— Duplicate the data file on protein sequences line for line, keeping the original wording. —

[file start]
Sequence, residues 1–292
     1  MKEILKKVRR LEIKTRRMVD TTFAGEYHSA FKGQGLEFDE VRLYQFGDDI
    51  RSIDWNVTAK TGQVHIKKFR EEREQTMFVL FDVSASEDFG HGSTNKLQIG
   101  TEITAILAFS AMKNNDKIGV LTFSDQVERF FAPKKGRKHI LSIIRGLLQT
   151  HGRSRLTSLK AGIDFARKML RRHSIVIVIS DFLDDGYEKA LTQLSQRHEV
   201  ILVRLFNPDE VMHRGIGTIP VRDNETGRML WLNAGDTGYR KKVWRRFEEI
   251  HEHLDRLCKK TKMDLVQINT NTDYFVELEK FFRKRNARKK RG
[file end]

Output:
Sequence, residues 1–292
     1  MKEILKKVRR LEIKTRRMVD TTFAGEYHSA FKGQGLEFDE VRLYQFGDDI
    51  RSIDWNVTAK TGQVHIKKFR EEREQTMFVL FDVSASEDFG HGSTNKLQIG
   101  TEITAILAFS AMKNNDKIGV LTFSDQVERF FAPKKGRKHI LSIIRGLLQT
   151  HGRSRLTSLK AGIDFARKML RRHSIVIVIS DFLDDGYEKA LTQLSQRHEV
   201  ILVRLFNPDE VMHRGIGTIP VRDNETGRML WLNAGDTGYR KKVWRRFEEI
   251  HEHLDRLCKK TKMDLVQINT NTDYFVELEK FFRKRNARKK RG